3. Interest Rates. U.S. interest rates, as exemplified by 10-year U.S. treasuries, which have reached record lows of 2.0%, are important to farm profitability, due to their impact on working capital costs and fixed assets/farmland acquisition costs. Interest rates are expected to stay low in the near-term, but will be subject to significant increases to more normal levels in the intermediate term, as easy Fed policy is reversed and U.S. economic growth strengthens over the intermediate term.
Importantly, the dramatic decline in interest rates from the mid-1980s has been an important positive value driver to farmland values, through the lowering of capitalization rates. While it is only a matter of time, the expected rise in interest rates, which will increase capitalization rates, will be a significant driver of farmland value deflation. Therefore, from a farmland value risk perspective, one has to simply ask oneself, is there a greater chance for interest rates to go higher or lower in the not too distant future?
4. The U.S dollar. The long-term decline in the value of the U.S. dollar has been a major positive for crop prices and foreign demand, which in turn, has boosted crop profitability and farmland values. However, a negative for commodity prices has been the recent strengthening of the U.S. dollar due to investors’ focus on its relative safety compared with other currencies, given current global economic turmoil. Despite expected volatility, the U.S. dollar could strengthen over the intermediate-term, in response to rising relative interest rates, as well as potential meaningful U.S. action to shrink the long-term U.S. budget deficit. A fundamental strengthening in the value of the U.S. dollar would be a major negative value driver for agriculture.
The table on this page shows our view of the direction and intensity of key macro (economic) indicators and their expected impact on key ag-industry indicators of the future financial health of agriculture (emphasis on Midwest agriculture), most notably, crop prices, profitability (using corn as an example), and farmland values. We will update this table periodically in future articles in this series, should marketplace dynamics diverge from our expectations.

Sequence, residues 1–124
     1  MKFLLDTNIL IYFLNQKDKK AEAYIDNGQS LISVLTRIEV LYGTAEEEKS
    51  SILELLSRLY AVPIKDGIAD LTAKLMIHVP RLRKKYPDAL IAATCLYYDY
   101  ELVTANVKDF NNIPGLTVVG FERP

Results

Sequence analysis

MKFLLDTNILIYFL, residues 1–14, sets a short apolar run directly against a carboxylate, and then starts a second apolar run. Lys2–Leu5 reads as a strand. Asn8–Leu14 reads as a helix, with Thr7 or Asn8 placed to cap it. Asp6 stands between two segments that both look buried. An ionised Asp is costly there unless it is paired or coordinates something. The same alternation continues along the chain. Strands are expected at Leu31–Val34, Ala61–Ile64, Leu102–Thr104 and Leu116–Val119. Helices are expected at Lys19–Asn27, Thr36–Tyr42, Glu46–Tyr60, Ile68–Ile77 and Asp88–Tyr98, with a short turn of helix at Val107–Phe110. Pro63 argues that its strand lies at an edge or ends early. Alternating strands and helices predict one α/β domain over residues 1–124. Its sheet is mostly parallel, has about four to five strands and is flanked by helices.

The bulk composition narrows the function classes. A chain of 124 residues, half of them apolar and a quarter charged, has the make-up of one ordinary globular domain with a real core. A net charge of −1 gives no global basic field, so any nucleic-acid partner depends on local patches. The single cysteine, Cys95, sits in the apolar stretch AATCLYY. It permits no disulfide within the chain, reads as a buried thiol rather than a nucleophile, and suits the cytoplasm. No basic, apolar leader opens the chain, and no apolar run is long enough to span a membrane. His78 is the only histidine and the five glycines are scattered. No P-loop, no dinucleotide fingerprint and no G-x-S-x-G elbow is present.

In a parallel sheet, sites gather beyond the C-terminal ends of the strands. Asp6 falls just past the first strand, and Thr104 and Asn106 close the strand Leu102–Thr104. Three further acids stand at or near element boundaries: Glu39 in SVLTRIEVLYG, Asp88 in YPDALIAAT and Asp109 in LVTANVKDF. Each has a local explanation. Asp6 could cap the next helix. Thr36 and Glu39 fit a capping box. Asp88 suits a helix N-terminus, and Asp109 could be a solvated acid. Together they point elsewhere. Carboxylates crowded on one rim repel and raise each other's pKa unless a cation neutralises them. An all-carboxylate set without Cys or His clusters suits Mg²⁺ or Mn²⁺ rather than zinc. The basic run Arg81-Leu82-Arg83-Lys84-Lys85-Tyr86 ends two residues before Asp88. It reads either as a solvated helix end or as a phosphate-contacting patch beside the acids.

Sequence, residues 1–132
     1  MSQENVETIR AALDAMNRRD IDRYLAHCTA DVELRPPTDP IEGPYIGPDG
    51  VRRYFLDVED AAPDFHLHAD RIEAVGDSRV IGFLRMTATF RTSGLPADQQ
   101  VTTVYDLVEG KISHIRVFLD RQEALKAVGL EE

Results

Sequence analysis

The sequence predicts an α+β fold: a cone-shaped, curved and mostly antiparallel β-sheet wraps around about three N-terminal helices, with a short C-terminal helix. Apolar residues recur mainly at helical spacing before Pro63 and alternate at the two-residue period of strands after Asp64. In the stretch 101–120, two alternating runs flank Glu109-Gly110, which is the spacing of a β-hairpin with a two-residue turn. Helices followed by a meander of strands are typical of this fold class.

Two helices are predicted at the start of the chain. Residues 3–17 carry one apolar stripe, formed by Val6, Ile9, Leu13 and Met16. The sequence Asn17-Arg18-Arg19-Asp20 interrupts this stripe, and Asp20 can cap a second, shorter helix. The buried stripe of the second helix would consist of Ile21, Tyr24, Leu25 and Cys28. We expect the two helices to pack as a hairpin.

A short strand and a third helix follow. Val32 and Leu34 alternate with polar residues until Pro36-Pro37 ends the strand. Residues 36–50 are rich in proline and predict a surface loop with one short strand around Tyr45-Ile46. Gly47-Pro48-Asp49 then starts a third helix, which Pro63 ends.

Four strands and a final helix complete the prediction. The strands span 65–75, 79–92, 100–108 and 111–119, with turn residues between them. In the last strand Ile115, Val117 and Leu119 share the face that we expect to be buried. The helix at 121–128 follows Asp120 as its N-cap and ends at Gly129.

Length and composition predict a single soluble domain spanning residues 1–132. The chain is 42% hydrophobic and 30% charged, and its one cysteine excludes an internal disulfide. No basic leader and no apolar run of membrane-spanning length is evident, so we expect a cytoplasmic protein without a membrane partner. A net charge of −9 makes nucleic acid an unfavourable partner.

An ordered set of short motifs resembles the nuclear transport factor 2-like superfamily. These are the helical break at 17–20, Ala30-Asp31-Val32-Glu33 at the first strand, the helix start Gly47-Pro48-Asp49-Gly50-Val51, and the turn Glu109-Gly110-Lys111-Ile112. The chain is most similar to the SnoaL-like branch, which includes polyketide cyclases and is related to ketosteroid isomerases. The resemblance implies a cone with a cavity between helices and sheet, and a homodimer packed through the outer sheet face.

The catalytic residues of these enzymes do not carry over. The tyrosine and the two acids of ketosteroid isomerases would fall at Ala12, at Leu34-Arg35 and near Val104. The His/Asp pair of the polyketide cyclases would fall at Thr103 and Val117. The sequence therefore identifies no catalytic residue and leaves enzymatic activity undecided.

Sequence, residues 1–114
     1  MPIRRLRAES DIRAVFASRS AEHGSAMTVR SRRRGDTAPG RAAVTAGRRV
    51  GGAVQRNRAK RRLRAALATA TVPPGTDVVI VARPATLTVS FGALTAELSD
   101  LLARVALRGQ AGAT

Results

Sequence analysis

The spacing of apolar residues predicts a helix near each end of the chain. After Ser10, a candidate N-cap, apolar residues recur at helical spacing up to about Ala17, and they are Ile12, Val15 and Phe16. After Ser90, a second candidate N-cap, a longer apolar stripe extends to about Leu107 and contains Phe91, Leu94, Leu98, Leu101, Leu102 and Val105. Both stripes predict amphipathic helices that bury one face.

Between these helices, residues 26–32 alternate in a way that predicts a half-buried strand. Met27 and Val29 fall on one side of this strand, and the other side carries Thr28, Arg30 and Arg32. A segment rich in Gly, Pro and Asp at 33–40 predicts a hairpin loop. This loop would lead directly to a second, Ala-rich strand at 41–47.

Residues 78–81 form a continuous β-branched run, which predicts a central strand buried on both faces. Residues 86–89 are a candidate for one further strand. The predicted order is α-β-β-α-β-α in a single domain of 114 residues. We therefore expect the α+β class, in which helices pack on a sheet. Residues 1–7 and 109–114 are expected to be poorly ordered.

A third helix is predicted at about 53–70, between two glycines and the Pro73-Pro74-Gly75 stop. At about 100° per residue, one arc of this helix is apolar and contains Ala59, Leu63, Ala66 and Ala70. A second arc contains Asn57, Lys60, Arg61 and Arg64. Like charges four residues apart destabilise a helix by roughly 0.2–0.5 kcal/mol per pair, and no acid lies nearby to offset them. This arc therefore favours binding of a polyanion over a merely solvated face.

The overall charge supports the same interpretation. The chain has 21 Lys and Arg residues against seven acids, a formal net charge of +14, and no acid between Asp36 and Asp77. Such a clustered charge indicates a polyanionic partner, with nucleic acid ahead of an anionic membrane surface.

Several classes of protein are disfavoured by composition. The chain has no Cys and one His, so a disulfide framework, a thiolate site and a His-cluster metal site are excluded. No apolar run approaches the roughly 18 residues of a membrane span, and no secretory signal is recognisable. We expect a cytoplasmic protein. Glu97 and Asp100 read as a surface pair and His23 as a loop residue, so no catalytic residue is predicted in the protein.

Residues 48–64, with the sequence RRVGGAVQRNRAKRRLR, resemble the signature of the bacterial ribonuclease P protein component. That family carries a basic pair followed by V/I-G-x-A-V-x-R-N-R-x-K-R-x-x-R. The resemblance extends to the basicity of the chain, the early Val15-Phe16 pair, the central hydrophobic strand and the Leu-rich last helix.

Understanding The Risks
Market and financial bubbles reflect unsustainable price increases that dramatically overshoot fundamental or intrinsic values, which are driven by over-optimism and a simple view that “the trend is your friend.” However, critical to understanding risk/reward dynamics is anticipating a fundamental change in the direction of key market drivers and assessing the magnitude of the downside risks and upside potential to crop prices, profitability, and farmland values.
Despite the complexity of today’s macro/micro environment, we believe a key insight can be gained through a simple focus on back to basics, “Economics 101”, and recognition of what past cycles can teach us. Namely, the key driver of Ag Bubble 2.0 over 2010-2011, which could extend into early 2012, is very different from the key driver of Ag Bubble 1.0, which occurred over 2007-2008.
The Demand Side
Ag Bubble 1.0 (2007-2008) was driven primarily by strong multi-year global demand, which was boosted by biofuel demand, especially in the U.S. Prices for many ag commodities reached record levels, as exemplified by corn prices reaching a peak of close to $8.00 per bushel in mid-2008. As a result, corn profits per acre increased to record levels in 2008, as crop prices surged beyond cost increases.
Even before demand fell due to the “Financial Armageddon” of 2008-2009 that besieged the U.S and the global economy in 2008’s second half, actual corn demand was being negatively impacted by the impact of high corn prices on major end users. Almost overnight, profitability collapsed to near breakeven levels in 2009, as crop prices declined dramatically more than costs. Despite the fall in ag commodity prices from mid-2008 to mid-2010, farmland values, declined only modestly due to the value support from the dramatic fall in interest rates.